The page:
MELBOURNE, Australia (AP) Six months after the PGA Tour officially got involved in the HSBC Champions, commissioner Tim Finchem was front and center at a news conference and later at the TV trophy presentation to Phil Mickelson.
Small wonder some referred to it as the start of the PGA Tour's "Asian invasion."
Finchem said his 18-day trip to Asia - part of it a vacation with his wife, Holly - was to meet sponsors and clients he had not visited in some time, and to meet potential customers. Even so, his comments at a Sunday news conference led to one question.
Where will all this lead?
This was the first World Golf Championship in China, even though the PGA Tour does not yet recognize it as official and might not for a few years. Finchem said it "may evolve in the next two or three years." How that will make a difference remains a mystery unless he's waiting for more PGA Tour-sanctioned events in Asia.
Finchem said he has been speaking with Zhang Xiaonang, executive vice president of the China Golf Association, about three ways to grow the game - through a First Tee facility in China, by getting the tour involved in building TPC golf courses and helping stage tournaments.
Finchem said Zhang has asked whether the PGA Tour could sanction an event, and that the tour has agreed to work with "other members" of the International Federation of PGA Tours.
That includes European tour chief executive George O'Grady, who already has established a presence in China and elsewhere in Asia, and the Asian tour, which is battling with OneAsia for support from the China Golf Association.
One thing appeared certain: While the world of golf is larger than ever, it can appear to be shrinking. Three tours (Europe, Asian, United States) indeed can make for a crowd.
APPLEBY'S YEAR: Stuart Appleby, who lives in Orlando, Fla., is No. 134 on the money list and could have kept his card by finishing at least 15th at Disney this week in the final PGA Tour event of the year.
Appleby also is from Australia, and he decided against Disney to play at Kingston Heath in the Australian Masters this year.
He said Tuesday it was an easy choice.
"I already had plans for my junior foundation, and Tiger has committed to spend an hour with the kids, which is awesome," Appleby said. "Plus, I think this is one of the top two courses in the world. I really had more to gain than lose."
Appleby has not decided whether to use one of his exemptions from the career money list, preferring to save them for later. He said he would let the tour know in two weeks. Appleby might spend 2010 asking for sponsor exemptions, which shouldn't be too hard to find for an eight-time winner who has not finished lower than 55th on the money list since his rookie season.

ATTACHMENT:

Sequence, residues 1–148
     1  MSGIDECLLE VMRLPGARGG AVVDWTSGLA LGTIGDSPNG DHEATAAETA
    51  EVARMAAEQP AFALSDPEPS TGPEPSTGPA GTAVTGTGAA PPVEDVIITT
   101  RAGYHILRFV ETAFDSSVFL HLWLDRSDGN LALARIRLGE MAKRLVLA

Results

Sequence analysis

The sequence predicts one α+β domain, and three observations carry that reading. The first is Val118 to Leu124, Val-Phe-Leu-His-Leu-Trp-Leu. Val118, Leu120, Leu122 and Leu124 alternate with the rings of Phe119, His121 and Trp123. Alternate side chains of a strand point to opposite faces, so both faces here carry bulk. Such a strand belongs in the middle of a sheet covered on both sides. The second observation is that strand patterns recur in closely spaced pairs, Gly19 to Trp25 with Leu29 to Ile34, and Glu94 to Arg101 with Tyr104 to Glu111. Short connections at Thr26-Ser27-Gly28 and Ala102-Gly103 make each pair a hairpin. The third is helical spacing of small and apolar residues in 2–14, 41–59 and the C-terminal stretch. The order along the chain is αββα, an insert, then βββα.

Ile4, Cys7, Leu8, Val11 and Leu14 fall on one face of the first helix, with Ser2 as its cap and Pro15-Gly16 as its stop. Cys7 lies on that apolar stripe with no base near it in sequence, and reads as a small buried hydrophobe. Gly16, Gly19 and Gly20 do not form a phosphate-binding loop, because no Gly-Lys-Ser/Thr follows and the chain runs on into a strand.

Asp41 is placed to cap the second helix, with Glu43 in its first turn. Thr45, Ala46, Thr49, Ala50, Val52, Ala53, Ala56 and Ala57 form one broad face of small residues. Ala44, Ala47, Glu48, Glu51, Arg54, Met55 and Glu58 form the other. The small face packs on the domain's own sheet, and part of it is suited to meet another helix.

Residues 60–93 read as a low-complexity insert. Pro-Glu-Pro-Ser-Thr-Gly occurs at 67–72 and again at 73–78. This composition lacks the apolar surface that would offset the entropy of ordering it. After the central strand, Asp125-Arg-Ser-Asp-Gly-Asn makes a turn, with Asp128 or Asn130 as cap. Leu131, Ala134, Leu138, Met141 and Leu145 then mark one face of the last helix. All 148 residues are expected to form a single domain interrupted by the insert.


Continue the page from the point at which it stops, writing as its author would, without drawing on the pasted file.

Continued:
As to what happened this year, he isn't quite sure.
"I think I just fell into some bad habits," Appleby said. "I forgot about the innocence of playing golf. I spent too much time trying to fix something. It was like a year of the dog chasing his tail."
CADDIE OF THE YEAR: In one of the best evenings in golf, Billy Foster was awarded the "Caddie of the Year" on the European tour for his work with Lee Westwood on and off the golf course.
It was a festive occasion for the caddies, with lesser awards handed out for such things as best club selection and best excuse. Westwood helped host the evening with Sky Sports commentator Richard Boxall, but perhaps even more impressive was a dozen tour players who stayed well into the evening, such as Padraig Harrington, Paul Casey, and even Americans Nick Watney and Brian Gay.
Foster, who also has caddied for Seve Ballesteros, Darren Clarke and even at a Presidents Cup for Tiger Woods, has been on the bag as Westwood leads the Race to Dubai with two tournaments left. In July, he raised about $130,000 for charity by walking from Loch Lomond to Turnberry with Westwood's golf bag on his back.
OGILVY'S CLUBS: Geoff Ogilvy will be switching over to Titleist for the 2010 season.
Ogilvy's deal with Cobra expires this year, and parent company Acushnet is moving away from a Cobra presence on tour. Ogilvy, who has won three World Golf Championships and a U.S. Open in the last four years, said it was a sensible move.
"It's in the family," he said, noting Titleist also is under the Acushnet umbrella and he would continue playing the ball. "If you're going to be making a change from one manufacturer to another, that's the least stressful."
He said he has been practicing with a new blade from Titleist, and that the only significant change would be the driver.
MIA DOWN UNDER: Robert Allenby made history Down Under in 2005 as the only player to win the Australian Triple Crown - victories in the Masters, PGA and Australian Open.
He won't be able to repeat that this year. The Melbourne native is not playing any of them.
Allenby has played the last three weeks on the European tour - Spain, Singapore and Shanghai - and needed a week off before the Dubai World Championship. He also decided to play in the Nedbank Challenge in South Africa, opposite the Australian Open.
As for the Australian PGA the following week? Allenby said he needed to spend time with his ailing mother-in-law, although he had problems last year with how the tournament was run.
DIVOTS: Steve Marino finished his week in China and headed home to rest before venturing out again. He is playing consecutive weeks in December at the Australian Open and the Australian PGA. "I think it will be cool," Marino said. "You've got to do this while you're young." ... The Australian Masters was added to the European tour schedule last month, giving Rod Pampling (No. 71) one last chance to crack into the top 60 and qualify for the Dubai World Championship.
STAT OF THE WEEK: Tiger Woods has never finished out of the top 10 in stroke play at the World Golf Championships.
FINAL WORD: "Getting away from golf is good for you. It gets the grumps out of you." - Geoff Ogilvy.